How To Avoid Buying a Previous Lemon Car?

How To Avoid Buying a Previous Lemon Car?

Lemon law in every state of the country protects new vehicle buyers. But when it comes to buying a used vehicle a customer has more chances to get stuck with previous lemon car.

A car is called a lemon when the defects substantially impairing its use, safety and value cannot be fixed even after the car has been repaired 4 or more times. Under the Lemon law a «lemon» car is qualified for refund from the manufacturer. Although it`s not always the case, some of previous lemon vehicles are sold again by fraudulent auto dealers.

So what to do when you`ve purchased a used car which turns out to be a lemon?

First of all there are no reasons to feel hopeless. Though used car Lemon Law is not widespread in the U.S., Rhode Island, Massachusetts, Minnesota, Hawaii, New Jersey and New York legislature has passed it. Under this law a used car is covered by warranty based upon its mileage and age. If problems with the car occur during warranty period the dealer must have it repaired. If the defects cannot be fixed after several attempts, the dealer is entitled to replace the vehicle or give back the customer`s money. It must be mentioned that used car Lemon Laws cover only sales of used vehicles, while only in New York it involves leased vehicles too.

There are other types of legal coverage for consumers who don`t live in these states. Connecticut, Pennsylvania, Nevada, Arizona, Illinois and Maine have laws that prescribe standards for selling used cars and require warranties.

To tell the truth the laws in these states are imperfect as they cover only a certain group of used car owners. For example, the law in Arizona covers only cases where major component has broken within 15 days or 500 miles of its purchase. Illinois law offers a sliding scale of repair costs depending on the car age: 10% for 3-4 years old cars, 25% – 2-3 years old cars, 50% for the vehicles that are less than 2 years old. Connecticut`s law covers used vehicles under seven years old and the price of which exceeds $3000.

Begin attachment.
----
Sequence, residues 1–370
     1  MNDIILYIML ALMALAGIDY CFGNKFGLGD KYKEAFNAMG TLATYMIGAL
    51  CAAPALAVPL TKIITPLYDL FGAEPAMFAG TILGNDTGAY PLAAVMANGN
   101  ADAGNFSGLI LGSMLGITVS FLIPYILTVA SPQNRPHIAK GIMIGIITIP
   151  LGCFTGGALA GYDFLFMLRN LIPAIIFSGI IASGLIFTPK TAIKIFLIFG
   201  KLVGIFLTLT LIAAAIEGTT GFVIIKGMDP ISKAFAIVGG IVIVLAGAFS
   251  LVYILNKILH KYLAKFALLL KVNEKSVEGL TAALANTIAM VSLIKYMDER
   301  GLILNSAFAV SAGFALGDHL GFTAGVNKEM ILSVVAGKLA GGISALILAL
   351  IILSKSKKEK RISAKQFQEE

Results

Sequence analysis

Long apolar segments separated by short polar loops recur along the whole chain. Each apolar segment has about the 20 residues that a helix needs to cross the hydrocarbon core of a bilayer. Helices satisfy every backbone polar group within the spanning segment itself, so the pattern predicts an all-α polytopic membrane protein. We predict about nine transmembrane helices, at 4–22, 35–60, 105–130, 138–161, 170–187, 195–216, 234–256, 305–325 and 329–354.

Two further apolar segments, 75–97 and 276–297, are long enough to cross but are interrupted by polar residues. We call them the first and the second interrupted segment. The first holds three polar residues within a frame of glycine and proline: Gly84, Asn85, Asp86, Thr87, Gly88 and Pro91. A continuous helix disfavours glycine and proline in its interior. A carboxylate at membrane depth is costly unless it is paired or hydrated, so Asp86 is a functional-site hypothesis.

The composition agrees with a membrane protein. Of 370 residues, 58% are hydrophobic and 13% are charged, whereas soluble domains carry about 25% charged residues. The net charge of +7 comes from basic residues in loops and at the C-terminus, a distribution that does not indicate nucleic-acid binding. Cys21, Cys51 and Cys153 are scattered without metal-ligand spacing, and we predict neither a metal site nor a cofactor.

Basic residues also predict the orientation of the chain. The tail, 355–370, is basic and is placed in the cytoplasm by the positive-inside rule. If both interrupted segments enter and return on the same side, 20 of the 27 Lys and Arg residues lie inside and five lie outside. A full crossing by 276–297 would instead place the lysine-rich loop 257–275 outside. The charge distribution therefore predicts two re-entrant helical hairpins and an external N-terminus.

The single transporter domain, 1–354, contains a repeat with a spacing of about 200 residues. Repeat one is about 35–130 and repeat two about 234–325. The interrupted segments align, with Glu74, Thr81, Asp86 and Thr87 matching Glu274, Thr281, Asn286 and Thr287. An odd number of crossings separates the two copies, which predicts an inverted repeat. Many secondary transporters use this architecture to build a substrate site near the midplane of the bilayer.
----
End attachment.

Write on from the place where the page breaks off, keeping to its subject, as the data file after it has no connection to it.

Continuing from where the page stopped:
What about U.S. consumers who have bought a previous lemon car in the state where used car lemon law is not adopted and the state law doesn`t cover his/her individual situation? There are federal laws that can be used in such situation: Uniform Commercial Code (UCC), according to which an implied warranty is automatically included in a used vehicle sale; the Federal Trade Commission`s (FTC) Used Car Rule prescribes dealers to provide customers with a Buyer`s Guide disclosing whether the car is sold with warranty or «as is», defects previously occurred on this vehicle etc.

In every state there are Unfair and Deceptive Acts and Practices (UDAP) laws. Under these laws the customer can sue a dealer if the latter haven`t told about any issues relating to the used car, including previous lemon. Magnuson-Moss Warranty Act is also on the customer`s side in his/her fight for justice.